John Swope Exhibit Shows the True Face of Hollywood
Meyers, Laura, Art Business News
LOS ANGELES--When photographer John Swope came to Hollywood in 1936, he broke the mold.
At the time, Hollywood's Golden Era, the film industry fed the public a constant stream of glamorous photographs and tidbits about the lives of stars like Greta Garbo, Clark Gable and Cary Grant. And movie studios encouraged photographers like George Hurrell to create an idealized landscape of their industry by shooting carefully-lit, stylized pictures of Hollywood at its most alluring and, indeed, sexiest.
But Swope was different. He used his Leica to document Hollywood as a working town full of struggle, hope and success. And now, his photographs are part of a traveling exhibit that has already been presented in Santa Barbara, Calif., and Vancouver, British Columbia. It is currently at the Fresno Metropolitan Museum in California through Nov. 18, and is slated to travel next year to the Marietta College Museum in Georgia and the Tacoma Art Museum in Washington.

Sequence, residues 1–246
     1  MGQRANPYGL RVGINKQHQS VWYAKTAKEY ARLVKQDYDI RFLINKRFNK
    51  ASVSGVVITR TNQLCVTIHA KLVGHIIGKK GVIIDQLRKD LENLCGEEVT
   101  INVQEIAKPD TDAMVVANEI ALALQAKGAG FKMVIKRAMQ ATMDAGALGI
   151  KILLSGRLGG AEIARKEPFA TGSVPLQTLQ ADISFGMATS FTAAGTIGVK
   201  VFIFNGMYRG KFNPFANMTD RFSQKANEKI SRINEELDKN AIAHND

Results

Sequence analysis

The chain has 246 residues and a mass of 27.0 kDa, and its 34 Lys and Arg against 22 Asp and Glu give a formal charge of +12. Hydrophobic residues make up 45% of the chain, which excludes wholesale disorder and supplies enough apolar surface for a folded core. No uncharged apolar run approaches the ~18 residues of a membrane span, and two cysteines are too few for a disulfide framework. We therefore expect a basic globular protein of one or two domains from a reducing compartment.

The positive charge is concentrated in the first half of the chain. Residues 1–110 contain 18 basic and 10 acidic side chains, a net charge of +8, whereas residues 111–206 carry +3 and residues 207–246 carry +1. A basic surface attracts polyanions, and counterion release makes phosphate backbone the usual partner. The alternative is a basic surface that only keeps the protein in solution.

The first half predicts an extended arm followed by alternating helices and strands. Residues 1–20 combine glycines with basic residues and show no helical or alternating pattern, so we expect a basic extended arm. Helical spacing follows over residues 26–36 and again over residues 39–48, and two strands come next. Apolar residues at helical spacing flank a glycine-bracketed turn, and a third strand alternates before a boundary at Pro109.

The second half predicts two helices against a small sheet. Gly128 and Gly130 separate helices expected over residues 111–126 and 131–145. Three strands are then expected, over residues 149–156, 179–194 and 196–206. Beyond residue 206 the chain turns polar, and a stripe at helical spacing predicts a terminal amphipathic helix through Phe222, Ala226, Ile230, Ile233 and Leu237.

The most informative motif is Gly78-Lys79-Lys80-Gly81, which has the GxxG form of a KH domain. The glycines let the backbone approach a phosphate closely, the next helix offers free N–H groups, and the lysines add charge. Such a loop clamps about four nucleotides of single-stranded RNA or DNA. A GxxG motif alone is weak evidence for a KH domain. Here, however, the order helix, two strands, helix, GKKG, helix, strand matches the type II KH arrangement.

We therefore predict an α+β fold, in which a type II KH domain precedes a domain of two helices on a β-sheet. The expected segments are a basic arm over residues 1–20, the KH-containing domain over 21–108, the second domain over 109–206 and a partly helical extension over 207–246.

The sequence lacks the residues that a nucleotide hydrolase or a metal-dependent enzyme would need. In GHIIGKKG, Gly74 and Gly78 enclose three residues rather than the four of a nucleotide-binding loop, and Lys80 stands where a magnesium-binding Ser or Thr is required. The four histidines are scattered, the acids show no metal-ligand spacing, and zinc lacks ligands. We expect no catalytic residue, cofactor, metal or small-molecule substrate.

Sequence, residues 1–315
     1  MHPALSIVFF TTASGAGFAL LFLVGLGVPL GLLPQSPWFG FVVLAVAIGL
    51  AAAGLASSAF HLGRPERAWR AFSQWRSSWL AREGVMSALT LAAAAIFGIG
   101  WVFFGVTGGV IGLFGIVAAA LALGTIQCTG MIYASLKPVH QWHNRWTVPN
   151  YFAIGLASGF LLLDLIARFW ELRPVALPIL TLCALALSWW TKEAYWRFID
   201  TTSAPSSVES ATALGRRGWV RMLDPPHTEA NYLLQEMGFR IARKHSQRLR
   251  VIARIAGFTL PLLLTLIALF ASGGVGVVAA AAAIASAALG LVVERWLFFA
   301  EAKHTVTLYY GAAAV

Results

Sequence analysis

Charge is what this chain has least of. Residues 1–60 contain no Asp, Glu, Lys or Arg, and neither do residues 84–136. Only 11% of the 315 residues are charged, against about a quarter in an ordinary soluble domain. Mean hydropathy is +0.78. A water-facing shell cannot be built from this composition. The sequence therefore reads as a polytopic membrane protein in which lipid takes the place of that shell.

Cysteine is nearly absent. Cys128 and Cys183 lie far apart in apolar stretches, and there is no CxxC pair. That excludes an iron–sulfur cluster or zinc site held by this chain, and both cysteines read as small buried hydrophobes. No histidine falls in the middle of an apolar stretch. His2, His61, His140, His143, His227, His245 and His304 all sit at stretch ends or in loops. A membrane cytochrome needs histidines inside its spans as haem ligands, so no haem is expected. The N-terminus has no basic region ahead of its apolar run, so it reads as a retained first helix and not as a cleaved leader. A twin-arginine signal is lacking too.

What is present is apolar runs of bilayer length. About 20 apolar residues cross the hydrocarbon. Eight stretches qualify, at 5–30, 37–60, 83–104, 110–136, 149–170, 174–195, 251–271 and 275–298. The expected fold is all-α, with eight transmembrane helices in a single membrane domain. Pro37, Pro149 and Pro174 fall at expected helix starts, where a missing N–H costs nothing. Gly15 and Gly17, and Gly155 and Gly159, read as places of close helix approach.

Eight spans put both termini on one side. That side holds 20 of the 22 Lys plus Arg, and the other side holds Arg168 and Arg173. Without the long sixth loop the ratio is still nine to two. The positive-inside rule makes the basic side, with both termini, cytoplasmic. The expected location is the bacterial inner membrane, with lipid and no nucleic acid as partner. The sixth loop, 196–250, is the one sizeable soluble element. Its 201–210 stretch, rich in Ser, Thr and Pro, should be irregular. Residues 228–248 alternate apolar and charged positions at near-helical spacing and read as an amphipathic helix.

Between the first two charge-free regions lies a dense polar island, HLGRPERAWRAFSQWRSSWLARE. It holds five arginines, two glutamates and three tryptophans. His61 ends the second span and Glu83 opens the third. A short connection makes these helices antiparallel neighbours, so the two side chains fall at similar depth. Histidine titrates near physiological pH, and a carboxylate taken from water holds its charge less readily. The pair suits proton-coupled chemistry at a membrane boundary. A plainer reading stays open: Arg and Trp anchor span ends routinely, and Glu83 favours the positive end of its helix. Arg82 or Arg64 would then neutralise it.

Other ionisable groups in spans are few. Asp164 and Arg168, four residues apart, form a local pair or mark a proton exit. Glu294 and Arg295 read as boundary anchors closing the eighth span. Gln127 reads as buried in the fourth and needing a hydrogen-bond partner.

Producer Leland Hayward, who initially hired Swope as an assistant producer and publicity photographer for his stable of stars, later recalled that "John Swope's single idea, from the moment he began, was to show Hollywood as it is." Swope saw Hollywood as a culture, but the men and women who made the movies as regular working folk, whether they were pals Fonda and Stewart, or the thousands upon thousands of would-be actors, extras and grips waiting for their next jobs or unemployment checks.
While Hurrell and his contemporaries dressed their film stars in luxurious garb and bathed them in studio lights, Swope's approach was more "naturalistic," according to his son, Mark Swope. "He shot in available light, with available timing, on `found' sets," explained the younger Swope. An extra sleeping on the grass between takes, whisky bottle at his side. Other extras knitting. An actress washing her laundry in the sink. Swope also shot the "backside" of movie sets--stage lighting above a scene, a prop in a warehouse, workers building a "city" on a studio lot. …